"Don't make me say what's scary, Mr AJ, or mention that name. I bin told I ain't supposed to say it, so I ain't even going to whisper it and you'll excuse me for that, but though you are my deep and most respectful of friends, I am just going to keep my piehole shut at this moment in time."
[Moses] nods to himself as if to confirm those were the exact words he meant to use. He says nothing more. The doctors spent a long time putting Moses back together, working on his eye implant, but if you know what to look for you can still see his face is misshapen. What actually happened to Moses that night? AJ wonders. They can go on putting The Maude down to hallucinations and fantasy, but something happened that night. And whatever it was was powerful enough to make Moses gouge out his own eye.
What are you reading this week?
Related in BookPage: Mo Hayder's author page.
In Benjamin Percy's Red Moon, the Lycan Republic is under American occupation, and all Lycans are required to suppress their instincts with Lupex, a drug that prevents the werewolf transformation process. The Lycans are our friends and neighbors, but when terrorist attacks occur, the guilty and innocent alike are targeted and rounded up. Claire Forrester is a Lycan on the run after seeing her parents murdered; Patrick Gamble is the sole survivor of a plane attack. The once peaceful coexistence is no more and with only weeks until the next full moon, no one knows what is waiting on the other side.
Bringing werewolves back into horror, Benjamin Percy has written a literary thriller with a complex world. More than a love story, Red Moon combines warfare and politics to create a story like none other. Watch the book trailer below by Hodder Books for a further look into Red Moon.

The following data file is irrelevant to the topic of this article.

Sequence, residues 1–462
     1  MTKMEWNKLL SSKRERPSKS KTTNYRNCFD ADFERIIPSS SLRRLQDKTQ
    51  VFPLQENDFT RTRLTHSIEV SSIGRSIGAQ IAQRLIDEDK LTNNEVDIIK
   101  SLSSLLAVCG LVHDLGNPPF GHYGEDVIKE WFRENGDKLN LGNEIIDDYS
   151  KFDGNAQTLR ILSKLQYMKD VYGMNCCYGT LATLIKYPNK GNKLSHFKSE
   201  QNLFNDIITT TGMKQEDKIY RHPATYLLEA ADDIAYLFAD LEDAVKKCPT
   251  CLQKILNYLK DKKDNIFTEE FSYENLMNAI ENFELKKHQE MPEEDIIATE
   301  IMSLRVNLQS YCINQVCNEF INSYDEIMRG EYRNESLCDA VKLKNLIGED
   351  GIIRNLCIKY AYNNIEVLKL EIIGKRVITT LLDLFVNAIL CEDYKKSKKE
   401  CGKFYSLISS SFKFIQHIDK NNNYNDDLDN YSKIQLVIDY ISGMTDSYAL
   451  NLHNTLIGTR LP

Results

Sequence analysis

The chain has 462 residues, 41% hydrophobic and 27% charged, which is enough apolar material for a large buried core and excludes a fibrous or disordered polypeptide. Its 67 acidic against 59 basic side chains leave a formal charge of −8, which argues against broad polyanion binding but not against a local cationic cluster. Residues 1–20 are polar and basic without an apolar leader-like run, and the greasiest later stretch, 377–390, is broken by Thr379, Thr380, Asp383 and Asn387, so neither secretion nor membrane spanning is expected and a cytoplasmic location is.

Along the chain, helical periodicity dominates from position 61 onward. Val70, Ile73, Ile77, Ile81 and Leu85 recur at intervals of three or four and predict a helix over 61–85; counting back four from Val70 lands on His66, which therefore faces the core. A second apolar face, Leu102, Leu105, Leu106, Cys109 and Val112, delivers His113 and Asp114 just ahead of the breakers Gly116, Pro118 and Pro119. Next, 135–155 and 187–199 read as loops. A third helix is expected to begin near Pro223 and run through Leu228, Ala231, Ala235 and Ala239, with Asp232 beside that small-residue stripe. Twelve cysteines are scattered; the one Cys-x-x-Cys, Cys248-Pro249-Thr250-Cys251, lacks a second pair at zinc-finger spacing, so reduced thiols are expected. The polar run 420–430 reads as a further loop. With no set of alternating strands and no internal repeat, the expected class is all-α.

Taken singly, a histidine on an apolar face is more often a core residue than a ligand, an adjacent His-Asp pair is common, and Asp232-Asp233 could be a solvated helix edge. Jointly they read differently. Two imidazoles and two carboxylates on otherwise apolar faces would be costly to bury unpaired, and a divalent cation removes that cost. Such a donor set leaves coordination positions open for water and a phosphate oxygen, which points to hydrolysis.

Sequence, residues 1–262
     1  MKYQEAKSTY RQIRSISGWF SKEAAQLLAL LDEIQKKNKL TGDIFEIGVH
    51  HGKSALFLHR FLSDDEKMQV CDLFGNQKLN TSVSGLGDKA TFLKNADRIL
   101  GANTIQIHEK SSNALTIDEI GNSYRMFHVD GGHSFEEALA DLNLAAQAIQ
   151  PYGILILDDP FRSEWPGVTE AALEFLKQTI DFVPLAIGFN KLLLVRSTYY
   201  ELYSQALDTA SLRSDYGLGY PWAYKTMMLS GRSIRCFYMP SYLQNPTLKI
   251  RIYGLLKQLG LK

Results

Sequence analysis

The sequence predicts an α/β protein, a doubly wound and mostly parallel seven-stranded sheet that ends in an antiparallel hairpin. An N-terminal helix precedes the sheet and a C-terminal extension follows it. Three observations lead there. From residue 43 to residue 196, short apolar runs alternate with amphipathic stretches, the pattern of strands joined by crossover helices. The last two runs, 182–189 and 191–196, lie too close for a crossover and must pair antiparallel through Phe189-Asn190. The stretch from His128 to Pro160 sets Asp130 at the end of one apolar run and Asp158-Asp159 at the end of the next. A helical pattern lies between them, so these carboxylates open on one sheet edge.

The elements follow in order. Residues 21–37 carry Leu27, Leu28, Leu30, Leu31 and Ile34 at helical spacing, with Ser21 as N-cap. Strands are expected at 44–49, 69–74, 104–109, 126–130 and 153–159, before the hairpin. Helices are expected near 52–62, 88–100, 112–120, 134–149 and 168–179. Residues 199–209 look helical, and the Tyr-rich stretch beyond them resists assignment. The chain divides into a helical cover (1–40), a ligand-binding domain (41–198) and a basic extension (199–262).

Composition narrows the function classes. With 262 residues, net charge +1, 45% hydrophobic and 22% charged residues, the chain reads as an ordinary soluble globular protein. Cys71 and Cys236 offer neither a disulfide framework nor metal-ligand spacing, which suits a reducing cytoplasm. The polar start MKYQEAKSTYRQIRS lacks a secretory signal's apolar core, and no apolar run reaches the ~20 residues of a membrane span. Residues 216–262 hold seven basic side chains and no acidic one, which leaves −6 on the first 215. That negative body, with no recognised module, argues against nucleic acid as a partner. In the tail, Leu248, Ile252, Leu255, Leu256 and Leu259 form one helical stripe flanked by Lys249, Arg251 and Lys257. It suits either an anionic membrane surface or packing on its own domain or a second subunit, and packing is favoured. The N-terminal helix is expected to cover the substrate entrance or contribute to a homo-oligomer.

What do you think? Will you be reading Red Moon this summer?
The Asylum by John Harwood
HMH • $25 • ISBN 9780544003477
On sale May 21
Tasmanian writer John Harwood is a modern master of the Victorian ghost story. If you've ever wished that Wilkie Collins and MR James had written a book together, check out his atmospheric debut, The Ghost Writer, which had me sleeping with the lights on. In his third novel, The Asylum, the suspense starts on page 1, where young Georgina Ferrars wakes up, disoriented, in a madhouse. The last event she remembers took place on September 23, 1882—and the doctor reveals it is now November. If that's not bad enough, everyone there is calling her Lucy Ashton.
Was it possible that the real Lucy Ashton—where had I heard that name before?—looked just like me? Could we have been confused with each other? But that did nothing to explain what I was doing in a private asylum in Cornwall, a part of the world I had never visited . . . and so my thoughts went spiralling on, until Bella reappeared, struggling under the weight of a stout leather valise, a hatbox and a dark blue travelling-cloak, none of which I recognized.